The nicotine levels of sun-dry tobacco leaves of Shewa Robit and Billate Virginia tobacco are given in Table 2 based on the leaf positions lugs, cutters, leaf and tip with respective RSD for their triplicates. The results show that the nicotine level of tobacco leaves increases from bottom leaf position (lugs) to upper leaf position (tip) on both area of cultivation of Virginia tobacco. This is supported by literature (Hawks 1978). And their average nicotine levels were determined to be 2.20 and 3.26 %, respectively. The Billate Virginia tobacco showed the highest nicotine level of all the analysis results of this study.
Comparison of nicotine levels of Virginia tobacco leaves based on area of cultivation
Virginia tobacco leaves were collected from two samples sites Shewa Robit and Billate and their nicotine levels are presented in Table 2 with their respective leaf positions.
The nicotine level of Billate tobacco leaves is higher than that of Shewa Robit tobacco leaves. This is shown by the differences in the average nicotine level of the whole leaf as well as nicotine levels of different leaf positions. This may be accounted by many factors. The main factor is use of different amount of fertilizers. Furthermore, the cultivation area of tobacco in Billate is greater than that of Shewa Robit. Billate is state owned while in Shewa Robit individual farmers own the cultivation areas. The extent of use of fertilizers by the state and individual farmers are different. Moreover atmospheric conditions such as temperature, rainfall, humidity of the cultivation area, cultural practice of cultivation and maturity level contribute significant difference on nicotine levels of the tobacco leaves of the two places.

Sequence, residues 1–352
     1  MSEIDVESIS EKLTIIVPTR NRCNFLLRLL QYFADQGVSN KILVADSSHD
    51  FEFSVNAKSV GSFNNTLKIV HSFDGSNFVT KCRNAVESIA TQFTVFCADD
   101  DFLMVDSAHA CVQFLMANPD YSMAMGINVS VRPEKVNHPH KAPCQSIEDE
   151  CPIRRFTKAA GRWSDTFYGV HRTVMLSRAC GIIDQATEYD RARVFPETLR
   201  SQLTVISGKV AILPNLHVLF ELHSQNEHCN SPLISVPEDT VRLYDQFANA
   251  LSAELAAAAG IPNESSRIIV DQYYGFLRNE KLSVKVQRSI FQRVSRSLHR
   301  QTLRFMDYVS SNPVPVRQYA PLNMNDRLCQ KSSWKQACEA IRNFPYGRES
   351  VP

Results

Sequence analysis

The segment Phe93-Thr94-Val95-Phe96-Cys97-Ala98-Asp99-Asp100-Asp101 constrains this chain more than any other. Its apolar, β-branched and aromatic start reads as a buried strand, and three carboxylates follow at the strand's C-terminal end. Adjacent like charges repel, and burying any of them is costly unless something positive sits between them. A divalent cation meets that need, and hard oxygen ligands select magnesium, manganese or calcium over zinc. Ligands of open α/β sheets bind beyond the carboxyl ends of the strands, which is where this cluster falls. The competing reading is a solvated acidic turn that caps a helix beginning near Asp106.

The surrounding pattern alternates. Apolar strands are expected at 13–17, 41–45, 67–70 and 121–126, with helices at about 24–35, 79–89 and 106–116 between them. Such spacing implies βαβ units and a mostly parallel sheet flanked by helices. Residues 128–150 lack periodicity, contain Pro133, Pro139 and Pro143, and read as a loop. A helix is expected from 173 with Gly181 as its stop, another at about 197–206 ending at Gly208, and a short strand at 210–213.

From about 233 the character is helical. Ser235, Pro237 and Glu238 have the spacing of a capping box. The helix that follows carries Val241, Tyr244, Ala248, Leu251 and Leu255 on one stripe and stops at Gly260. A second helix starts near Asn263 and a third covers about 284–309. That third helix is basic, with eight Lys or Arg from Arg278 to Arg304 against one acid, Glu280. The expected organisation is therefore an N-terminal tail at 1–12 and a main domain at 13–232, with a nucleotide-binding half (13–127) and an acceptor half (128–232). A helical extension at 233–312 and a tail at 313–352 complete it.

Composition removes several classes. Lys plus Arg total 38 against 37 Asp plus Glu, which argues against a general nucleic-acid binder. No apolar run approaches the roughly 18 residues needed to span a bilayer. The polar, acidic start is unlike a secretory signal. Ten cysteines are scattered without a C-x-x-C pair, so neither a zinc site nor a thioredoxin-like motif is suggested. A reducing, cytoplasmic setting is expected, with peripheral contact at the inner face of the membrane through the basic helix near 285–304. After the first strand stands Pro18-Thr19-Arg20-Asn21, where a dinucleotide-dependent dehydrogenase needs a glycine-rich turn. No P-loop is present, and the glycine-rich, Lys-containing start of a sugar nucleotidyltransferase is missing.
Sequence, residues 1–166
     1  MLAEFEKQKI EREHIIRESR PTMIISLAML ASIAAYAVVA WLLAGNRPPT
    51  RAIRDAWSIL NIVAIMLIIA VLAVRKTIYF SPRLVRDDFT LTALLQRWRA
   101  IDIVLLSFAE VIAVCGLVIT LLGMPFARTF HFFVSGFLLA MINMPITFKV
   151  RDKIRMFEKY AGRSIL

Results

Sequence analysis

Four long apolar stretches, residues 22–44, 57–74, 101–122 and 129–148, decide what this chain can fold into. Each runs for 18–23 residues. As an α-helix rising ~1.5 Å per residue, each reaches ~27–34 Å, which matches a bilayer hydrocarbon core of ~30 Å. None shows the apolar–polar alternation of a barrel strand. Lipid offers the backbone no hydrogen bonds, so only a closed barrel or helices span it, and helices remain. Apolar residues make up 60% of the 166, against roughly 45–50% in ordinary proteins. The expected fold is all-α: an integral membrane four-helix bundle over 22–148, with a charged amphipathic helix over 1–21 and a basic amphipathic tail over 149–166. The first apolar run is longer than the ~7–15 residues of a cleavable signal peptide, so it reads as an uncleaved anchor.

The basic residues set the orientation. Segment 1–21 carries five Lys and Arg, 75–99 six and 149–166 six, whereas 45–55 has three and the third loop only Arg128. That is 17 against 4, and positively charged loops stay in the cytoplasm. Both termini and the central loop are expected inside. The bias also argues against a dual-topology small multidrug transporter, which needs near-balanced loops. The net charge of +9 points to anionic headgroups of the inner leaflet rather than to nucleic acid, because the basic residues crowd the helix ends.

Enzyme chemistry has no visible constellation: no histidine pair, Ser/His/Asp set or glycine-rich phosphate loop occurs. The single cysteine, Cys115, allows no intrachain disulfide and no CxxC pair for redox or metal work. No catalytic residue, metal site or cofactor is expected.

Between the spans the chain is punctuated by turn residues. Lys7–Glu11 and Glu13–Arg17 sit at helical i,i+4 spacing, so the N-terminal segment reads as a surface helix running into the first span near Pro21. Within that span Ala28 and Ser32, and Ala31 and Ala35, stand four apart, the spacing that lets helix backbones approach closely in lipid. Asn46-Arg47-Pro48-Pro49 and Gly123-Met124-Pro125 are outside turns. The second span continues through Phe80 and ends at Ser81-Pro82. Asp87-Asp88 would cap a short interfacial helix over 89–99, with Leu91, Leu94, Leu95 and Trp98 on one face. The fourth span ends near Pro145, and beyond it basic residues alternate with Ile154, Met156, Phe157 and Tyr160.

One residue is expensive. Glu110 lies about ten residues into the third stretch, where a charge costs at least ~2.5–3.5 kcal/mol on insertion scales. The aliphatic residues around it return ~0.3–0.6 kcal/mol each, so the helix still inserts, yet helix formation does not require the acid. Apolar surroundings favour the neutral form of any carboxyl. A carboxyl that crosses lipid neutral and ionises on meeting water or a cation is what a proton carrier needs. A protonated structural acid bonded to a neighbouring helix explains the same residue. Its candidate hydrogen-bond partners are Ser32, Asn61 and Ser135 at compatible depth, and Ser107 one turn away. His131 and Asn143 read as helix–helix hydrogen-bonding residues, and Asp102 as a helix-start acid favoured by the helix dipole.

Nicotine levels of Awassa Burely and Oriental tobacco leaves
From Awassa sample site Burley and Oriental tobacco species were collected. The nicotine level of Burley tobacco was found to be 0.650 %. While for Oriental tobacco leaves it was difficult to found reliable value of nicotine level, it was not possible to get well-integrated nicotine peak area by this method of analysis and set of conditions.
Nicotine level of Wollayita native tobacco leaves ‘Gaya’
The nicotine level of ‘Gaya’ of Wollayita, which is one of the well known native tobacco species in Ethiopia was found to be 1.11 %, which is almost fair level of nicotine as compared with other tobacco species, especially with Virginia.
Comparison of nicotine level of Ethiopian tobacco leaves based on their species